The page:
"But competing molecules in the blood can bind to antibiotics and prevent them from working, meaning there are less molecules free to exert force on bacterial cell walls. The sensor we developed, one billionth of a meter in size, can detect the bending that occurs in a cell wall when it is assaulted by antibiotics. This enables us to measure how many antibiotic molecules are free in the blood to attack bacteria and treat the infection based upon how much force they exert onto the wall."
Doctors may soon be able to develop personalized treatment plans to fight superbug infections, according to new research. The key is in a tiny chip that measures the level of antibiotic molecules in the blood and determines how they work against bacteria.
The nanochips were developed by an international team of researchers hailing from Australia, Kenya and the UK.
"Some of our most effective antibiotics are like termites eating away at the walls of a wooden house - they attack bacterial cell walls so they eventually collapse," Matt Cooper, of the University of Queensland's Institute for Molecular Bioscience, said in a press release.
Because every individual has a different number of free antibiotics in the blood stream, the new method will allow researchers to create individualized plans of attack against these superbugs, like MRSA.
"Understanding the way antibiotics use physical force against bacteria could also provide researchers with a new angle on the design of better drugs to fight superbugs, which often have thicker, stronger cell walls," said Cooper.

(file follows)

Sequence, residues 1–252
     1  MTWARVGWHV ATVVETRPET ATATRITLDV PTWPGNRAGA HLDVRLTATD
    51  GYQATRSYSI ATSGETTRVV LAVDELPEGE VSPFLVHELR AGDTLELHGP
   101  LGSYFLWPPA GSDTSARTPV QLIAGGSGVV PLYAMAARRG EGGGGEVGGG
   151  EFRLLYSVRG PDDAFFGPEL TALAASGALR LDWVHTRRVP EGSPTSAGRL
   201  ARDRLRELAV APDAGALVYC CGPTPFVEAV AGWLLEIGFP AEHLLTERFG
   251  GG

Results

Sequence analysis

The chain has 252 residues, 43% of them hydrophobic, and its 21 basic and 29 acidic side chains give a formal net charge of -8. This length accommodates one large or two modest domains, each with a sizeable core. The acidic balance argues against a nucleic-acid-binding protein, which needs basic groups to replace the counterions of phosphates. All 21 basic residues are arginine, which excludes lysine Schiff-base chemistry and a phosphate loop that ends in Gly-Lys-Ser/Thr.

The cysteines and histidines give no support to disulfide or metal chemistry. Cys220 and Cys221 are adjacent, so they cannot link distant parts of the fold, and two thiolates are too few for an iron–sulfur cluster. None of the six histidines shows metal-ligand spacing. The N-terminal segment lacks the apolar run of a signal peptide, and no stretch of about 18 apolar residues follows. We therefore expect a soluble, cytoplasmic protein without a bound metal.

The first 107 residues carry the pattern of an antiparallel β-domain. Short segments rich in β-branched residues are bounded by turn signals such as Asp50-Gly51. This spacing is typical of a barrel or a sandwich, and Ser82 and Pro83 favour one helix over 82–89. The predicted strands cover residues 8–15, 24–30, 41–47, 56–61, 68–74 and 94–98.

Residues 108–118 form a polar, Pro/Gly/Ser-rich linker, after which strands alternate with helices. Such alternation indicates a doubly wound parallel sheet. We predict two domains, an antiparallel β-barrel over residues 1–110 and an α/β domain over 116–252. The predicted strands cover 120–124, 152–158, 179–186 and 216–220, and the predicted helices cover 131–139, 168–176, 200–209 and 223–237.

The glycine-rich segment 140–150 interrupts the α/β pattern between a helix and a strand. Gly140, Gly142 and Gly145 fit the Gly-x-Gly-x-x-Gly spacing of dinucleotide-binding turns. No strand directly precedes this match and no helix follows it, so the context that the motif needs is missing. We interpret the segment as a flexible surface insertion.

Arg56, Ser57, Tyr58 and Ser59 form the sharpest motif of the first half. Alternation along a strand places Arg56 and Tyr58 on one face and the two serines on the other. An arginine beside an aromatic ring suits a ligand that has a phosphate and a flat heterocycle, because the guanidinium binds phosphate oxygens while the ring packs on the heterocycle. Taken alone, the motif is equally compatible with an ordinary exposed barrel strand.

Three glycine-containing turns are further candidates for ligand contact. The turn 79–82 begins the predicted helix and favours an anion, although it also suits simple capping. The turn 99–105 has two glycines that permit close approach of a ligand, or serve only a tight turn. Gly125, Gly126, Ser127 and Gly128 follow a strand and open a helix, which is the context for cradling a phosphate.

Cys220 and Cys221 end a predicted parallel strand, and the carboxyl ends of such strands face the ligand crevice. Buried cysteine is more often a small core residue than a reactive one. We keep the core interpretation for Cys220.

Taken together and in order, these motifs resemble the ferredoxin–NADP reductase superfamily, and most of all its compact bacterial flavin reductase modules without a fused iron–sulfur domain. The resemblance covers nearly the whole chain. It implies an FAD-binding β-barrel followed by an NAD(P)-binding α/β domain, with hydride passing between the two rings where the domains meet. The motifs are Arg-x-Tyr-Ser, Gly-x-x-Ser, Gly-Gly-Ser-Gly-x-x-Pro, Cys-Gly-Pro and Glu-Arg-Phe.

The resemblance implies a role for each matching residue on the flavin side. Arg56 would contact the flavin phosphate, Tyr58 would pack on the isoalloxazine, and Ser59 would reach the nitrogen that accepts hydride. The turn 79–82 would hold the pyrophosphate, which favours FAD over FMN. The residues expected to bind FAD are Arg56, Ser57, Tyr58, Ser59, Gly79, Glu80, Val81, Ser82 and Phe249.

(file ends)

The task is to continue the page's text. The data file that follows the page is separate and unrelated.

In the past decade, there have been MRSA outbreaks in high schools, among NFL teams and many hospitals, leading the Centers for Disease Control and Prevention to urge all medical professionals to wear gloves and gowns when they are working with infected patients. They've also turned to robotic cleaning devices to increase worker safety.
There are strands of MRSA that carry a mortality rate of 30-40 percent, Dr. Robert Moellering told CBS News in 2013. He has been studying superbugs for more than 40 years.
"MRSA is not resistant to absolutely everything, yet," Moellering said at the time. "The reason it's a big problem is because the organisms are easily spread from person to person. . . . And it can cause such a wide variety of infections. It can literally infect every tissue of the body except the fingernails and the teeth."
But with increased treatment options, there is hope. The most recent study article is published in the journal Nature Nanotechnology.
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